Jeffrey LewisQ: How Many Canadians Does It Take To Screw Missile Defense?

A: 100, I hope.

This is Canada-month for me: I was just in Montreal for a conference; I am heading to Switzerland for a space security workshop hosted by DFAIT to give a talk on missile defense and space security.

One hundred prominent Canadians have signed an open letter to Canadian Prime Minister Paul Martin calling on him “to keep Canada out of missile defence.” Much of the opposition in Canada stems from the relationship between missile defense and the weaponization of outer space. Canadian officials have implied the government will not participate in any system that includes space-based interceptors. The Foreign Minister told the House of Commons:

What matters for this debate and our decision is that our participation in the weaponization of space is not something that Canada will be part of nor that the Minister of National Defence or myself envisage being involved in.

Washington and Ottawa have attempted to finesse the issue by focusing on the land- and sea-based elements of the system, as Paul Cellucci, the US Ambassador to Canada, recently did in a speech to the Montreal Board of Trade . The Montreal Gazette reported that Cellucci told reporters that missile defense “is a defensive activity involving missiles based on land and sea. The suggestion that this implies the militarization of space is something we don/’t think follows.”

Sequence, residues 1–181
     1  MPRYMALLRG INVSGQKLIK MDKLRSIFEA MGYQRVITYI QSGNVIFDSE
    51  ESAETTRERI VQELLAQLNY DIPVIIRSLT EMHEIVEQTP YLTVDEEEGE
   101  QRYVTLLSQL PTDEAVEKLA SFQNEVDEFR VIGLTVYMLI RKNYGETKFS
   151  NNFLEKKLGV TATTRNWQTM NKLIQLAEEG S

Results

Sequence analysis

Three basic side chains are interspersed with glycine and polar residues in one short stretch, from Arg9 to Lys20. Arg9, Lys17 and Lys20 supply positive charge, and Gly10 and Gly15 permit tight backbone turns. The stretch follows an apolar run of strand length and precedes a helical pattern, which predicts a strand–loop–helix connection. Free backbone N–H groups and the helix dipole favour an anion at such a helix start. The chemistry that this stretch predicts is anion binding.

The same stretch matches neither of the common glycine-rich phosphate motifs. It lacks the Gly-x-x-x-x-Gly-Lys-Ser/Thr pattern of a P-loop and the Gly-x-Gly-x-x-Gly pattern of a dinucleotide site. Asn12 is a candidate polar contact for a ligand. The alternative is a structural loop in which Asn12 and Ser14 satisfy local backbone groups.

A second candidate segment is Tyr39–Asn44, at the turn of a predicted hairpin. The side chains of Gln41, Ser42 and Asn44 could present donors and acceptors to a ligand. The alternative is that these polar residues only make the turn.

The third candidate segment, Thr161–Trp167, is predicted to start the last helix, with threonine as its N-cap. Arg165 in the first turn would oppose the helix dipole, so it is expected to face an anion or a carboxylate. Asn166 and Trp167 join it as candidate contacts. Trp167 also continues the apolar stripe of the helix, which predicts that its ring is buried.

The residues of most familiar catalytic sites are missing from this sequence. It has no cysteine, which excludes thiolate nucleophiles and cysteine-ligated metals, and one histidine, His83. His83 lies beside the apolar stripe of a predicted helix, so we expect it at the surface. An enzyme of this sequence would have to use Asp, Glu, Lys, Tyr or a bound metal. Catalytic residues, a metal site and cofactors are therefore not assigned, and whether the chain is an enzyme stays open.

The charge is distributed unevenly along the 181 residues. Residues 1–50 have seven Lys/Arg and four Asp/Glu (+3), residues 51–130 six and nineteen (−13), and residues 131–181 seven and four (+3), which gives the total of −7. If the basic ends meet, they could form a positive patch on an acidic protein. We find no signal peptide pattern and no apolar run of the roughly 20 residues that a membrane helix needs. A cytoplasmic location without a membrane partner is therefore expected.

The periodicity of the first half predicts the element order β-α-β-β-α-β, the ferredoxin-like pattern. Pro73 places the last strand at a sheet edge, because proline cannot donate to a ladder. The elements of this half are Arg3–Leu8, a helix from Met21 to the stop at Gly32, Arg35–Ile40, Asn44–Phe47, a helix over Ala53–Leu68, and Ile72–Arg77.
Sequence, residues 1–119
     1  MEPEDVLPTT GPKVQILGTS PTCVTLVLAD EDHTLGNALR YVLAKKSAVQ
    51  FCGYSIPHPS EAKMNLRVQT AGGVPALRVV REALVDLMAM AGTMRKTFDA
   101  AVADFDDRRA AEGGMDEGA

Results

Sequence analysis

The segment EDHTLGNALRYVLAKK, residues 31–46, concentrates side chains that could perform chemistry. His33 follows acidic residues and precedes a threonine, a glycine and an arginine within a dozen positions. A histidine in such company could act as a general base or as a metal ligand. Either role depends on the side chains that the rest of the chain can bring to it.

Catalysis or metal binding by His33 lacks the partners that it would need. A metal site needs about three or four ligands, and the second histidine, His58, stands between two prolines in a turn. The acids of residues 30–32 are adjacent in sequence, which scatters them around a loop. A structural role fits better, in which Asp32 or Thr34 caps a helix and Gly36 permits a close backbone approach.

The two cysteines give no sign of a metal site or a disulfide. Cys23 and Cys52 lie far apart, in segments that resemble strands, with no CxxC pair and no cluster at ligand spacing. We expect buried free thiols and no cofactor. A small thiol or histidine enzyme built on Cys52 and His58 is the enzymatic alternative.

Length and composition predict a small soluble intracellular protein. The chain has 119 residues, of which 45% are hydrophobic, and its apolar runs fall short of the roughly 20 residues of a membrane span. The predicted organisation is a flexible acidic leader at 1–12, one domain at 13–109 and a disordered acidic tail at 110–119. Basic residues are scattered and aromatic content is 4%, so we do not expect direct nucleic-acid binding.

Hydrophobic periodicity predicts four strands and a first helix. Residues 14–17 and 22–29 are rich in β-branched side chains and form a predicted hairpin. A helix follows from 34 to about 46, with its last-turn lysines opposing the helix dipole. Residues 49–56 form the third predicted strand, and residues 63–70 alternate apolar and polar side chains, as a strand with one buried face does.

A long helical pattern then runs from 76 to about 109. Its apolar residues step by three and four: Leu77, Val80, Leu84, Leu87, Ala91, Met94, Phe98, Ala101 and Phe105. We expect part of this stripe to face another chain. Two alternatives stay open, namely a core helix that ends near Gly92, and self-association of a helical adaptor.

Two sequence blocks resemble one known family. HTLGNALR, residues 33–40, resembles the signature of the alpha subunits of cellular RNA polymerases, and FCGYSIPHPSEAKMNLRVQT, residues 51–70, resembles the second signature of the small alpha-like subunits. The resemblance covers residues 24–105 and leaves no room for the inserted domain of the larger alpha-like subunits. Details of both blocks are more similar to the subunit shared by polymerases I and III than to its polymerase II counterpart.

Cellucci/’s comment, however, is misleading:

1. The US National Policy on Ballistic Missile Defense (NSPD-23) commits the United States to the “development and testing of space-based defenses, specifically space-based kinetic energy (hit to kill) interceptors …”

2. Consistent with NSPD-23, the President/’s FY 2005 Defense Budget for the Missile Defense Agency includes:

$10.6 million to begin “development of a space based interceptor test bed.” “By 2011 – 2012, our space based test bed will have a thin constellation of 3 to 6 spacecraft on orbit.”

$68.0 million the Near Field Infra Red Experiment (NFIRE), a satellite that will simulate a ballistic missile intercecpt by launching “a kill vehicle for a fly-by of a burning missile.” MDA is not attempting to hit the ballistic missile and the KV lacks an axial stage that would allow the KV to conduct engagements in real world conditions. Although NFIRE is funded separately from the space-based test bed, the head of MDA testified that NFIRE will “provide additional data needed for the development of a space test bed.”

The FY 2005 Budget Request has substantially less funding for space-based defenses than the FY 2004 Request, which ran into opposition from Democrats and moderate Republicans, but I don/’t think we/’ve seen the last of Star Wars.